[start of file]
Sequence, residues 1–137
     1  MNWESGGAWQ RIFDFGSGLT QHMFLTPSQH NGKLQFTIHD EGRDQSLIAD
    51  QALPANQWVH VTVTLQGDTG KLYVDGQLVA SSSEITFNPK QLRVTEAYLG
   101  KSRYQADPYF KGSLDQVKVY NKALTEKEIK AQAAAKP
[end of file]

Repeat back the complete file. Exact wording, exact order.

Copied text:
Sequence, residues 1–137
     1  MNWESGGAWQ RIFDFGSGLT QHMFLTPSQH NGKLQFTIHD EGRDQSLIAD
    51  QALPANQWVH VTVTLQGDTG KLYVDGQLVA SSSEITFNPK QLRVTEAYLG
   101  KSRYQADPYF KGSLDQVKVY NKALTEKEIK AQAAAKP